'The history of Drumlamph and its people' is my own personal
project, and is to record as much information about the townland and all the families that have lived there during the 19th
and 20th centuries.
Over the past 200 years, many families have lived in the townland, some for only a short time,
others have remained, (some on the same farm) for the last two centuries. This project is to make a record of as many of these
families as possible. This will include things like when families moved into and out of the townland, where they lived, what
other families in the area they were related to, where these families came from, where their descendants can be found today
During the years spanning the 'Potato Famine' (1845-1852)
the population of Drumlamph dropped by almost a quarter. While some died, many emigrated to escape the famine. Where possible
I would like to record where some of these people went.
For more information about 'The Potato Famine' click on the
Like most townlands, Drumlamph has its fair share of local/old
names for roads, lanes, houses, fields etc.. These old names are gradually dissappearing from the townlands throughout Ireland,
perhaps in a few generations the townland names themselves may also be a thing of the past.
In Drumlamph in recent
years the 'Wee Road' has been renamed 'Drumlamph Lane' the 'Moss Road' is now called 'Drumlamph Road', and the 'Double Corpse
Wood'/'Corpse Wood' (pronounced 'Copy') has been given the new name of 'Drumlamph Wood'. (which causes confusion with another
wood of the same name and also a few miles from Maghera). Other names like 'Cottage Farm', the 'Bog Lonnan' the 'Whinney Car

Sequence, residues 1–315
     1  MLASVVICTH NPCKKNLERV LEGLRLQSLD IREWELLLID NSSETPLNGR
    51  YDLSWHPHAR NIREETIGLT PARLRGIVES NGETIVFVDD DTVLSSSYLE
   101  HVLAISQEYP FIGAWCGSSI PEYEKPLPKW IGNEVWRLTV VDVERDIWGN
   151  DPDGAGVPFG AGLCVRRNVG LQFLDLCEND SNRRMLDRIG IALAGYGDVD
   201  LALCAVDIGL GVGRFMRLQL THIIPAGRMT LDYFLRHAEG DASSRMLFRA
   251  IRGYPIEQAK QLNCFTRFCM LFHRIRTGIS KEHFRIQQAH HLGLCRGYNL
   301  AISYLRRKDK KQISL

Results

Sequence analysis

Road' the 'Bull Hole Field' 'Island Burn' 'Pimley's Brea' etc have almost been forgotton altogether.
the people that lived and worked in the townlands, gave these places their names. These names often reflected the character
of the townland at that time, and are therefore part of the history of the area. In most cases these changes are made by the
current population, and, like the old names, say something about the area, and in due course these names become part of the
However with new postal addresses, post codes, computerised records etc., some of these 'modern'
names have been 'thought up' by people who have never even visited the townland, and therefore say nothing about the area.
One of the aims of this project it to record these names before they are lost forever.
Throughout the townland there are a number of ruins of
old homesteads, many have not been occupied in living memory, others have totally dissappeared. It is hoped that this project
will identify which families lived in each house, and when they lived there.
of life in Drumlamph will be recorded, local events, damage caused by 'The Big Wind' of 1839, local characters, stories about
the area (fact, fiction, true or untrue) myth's, suprestitions etc.
years a number of items of historical interest have been found in Drumlamph, old coins (some dated 1575) crocks of butter,
a brass sword, quern-stones etc. Where are these items now or do you know of any other finds?
I would like to hear from anyone who has any information
about the area, however little. If you are researching a family that have connections with any of the neighbouring townlands,
Bellaghy or Castledawson area, please get in touch. Who knows, I may have some information about your family.
In short, this project is to make a unique historical record
about the people and the history of the townland of Drumlamph.